Additional value of advanced neurosonography and magnetic resonance imaging in fetuses at risk for brain damage

Bloeme van der Knoop, Inge Zonnenberg, Jonathan Verbeke, Linda de Vries, Lou Pistorius, Mirjam M van Weissenbruch, R Jeroen Vermeulen, Johanna de Vries
Ultrasound in Obstetrics & Gynecology 2019 December 11

OBJECTIVES: To assess the additional value of fetal multiplanar (axial, coronal and sagittal) neurosonography and Magnetic Resonance Imaging (MRI) to axial ultrasound (US) planes to diagnose brain damage (visualized as periventricular echogenicity changes (PVE), intraventricular haemorrhage (IVH) and echogenicities in basal ganglia and/or thalami (BGTE)) and signal intensity changes in the equivalent brain areas on MRI in fetuses at high risk.

METHODS: A prospective, multicenter, observational study. Women eligible for participation were those where the fetus was at risk factor for acquired brain anomalies (congenital infection, fetal growth restriction, trauma during pregnancy, monochorionic twins). Examinations before birth were the following: axial US and advanced neurosonography biweekly; MRI of the brain once. After birth: brain US <24h and at term equivalent age. Brain MRI once at term equivalent age. An expert panel, blinded for medical history, evaluated the presence of PVE, PIVH and BGTE on US and (the equivalent) signal intensity changes on MRI. Scores were generated by consensus. The children were followed with examinations for psychomotor development at one year of age by means of Touwen examination and Alberta Infant Motor Scale and Bayley Scale of Infant Development-III, behavioural, sensory profile and linguistic questionnaires at two years of age; scores < -1 SD were considered suspect.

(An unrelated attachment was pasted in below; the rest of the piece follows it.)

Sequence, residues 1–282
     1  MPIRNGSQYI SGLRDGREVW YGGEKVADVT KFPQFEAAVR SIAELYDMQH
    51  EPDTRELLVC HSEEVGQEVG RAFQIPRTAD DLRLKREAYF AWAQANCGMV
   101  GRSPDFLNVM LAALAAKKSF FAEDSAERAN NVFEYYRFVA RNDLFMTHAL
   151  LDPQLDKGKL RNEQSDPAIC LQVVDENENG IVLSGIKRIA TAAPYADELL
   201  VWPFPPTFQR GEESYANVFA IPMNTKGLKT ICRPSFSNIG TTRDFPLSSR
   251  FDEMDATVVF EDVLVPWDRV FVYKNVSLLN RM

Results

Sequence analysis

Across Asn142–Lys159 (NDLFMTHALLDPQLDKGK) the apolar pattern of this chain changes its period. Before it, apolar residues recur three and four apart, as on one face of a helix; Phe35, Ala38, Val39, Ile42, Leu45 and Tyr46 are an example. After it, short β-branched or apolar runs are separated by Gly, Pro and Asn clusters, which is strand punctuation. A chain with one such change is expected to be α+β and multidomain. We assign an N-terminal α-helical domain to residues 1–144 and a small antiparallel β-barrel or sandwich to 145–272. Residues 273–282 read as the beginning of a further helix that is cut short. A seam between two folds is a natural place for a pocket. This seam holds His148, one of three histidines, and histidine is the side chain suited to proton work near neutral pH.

RESULTS: 56 fetuses were examined and in 39/56 fetuses all fetal imaging modalities were present. PVE was encountered in 6/39, 18/39 and 2/39 fetuses on axial US planes, neurosonography and MRI examinations, respectively. PIVH was found in 3/39; 10/39 and 1/39; and BGTE in none of 39; 6/39 and none of 39 examinations, respectively. Neurodevelopmental outcome was suspect in 8/50 infants at one year, and 41/41 children had scores > -1 SD on BSID-III, 20 children had scores <-1 SD on the behavioural (5/38), sensory profile (17/37) and/or linguistic (6/39) questionnaires at two years of age.

CONCLUSIONS: In this cohort of fetuses at risk for brain damage, the severity of acquired brain anomalies was limited. Nevertheless, neurosonography encountered more fetal PVE, PIVH and/or BGTE compared to axial planes and MRI. Fetal MRI did not demonstrate any anomalies that were not seen on neurosonography. Neurodevelopmental outcome at two years of age showed mainly no or mild impairments. This article is protected by copyright. All rights reserved.

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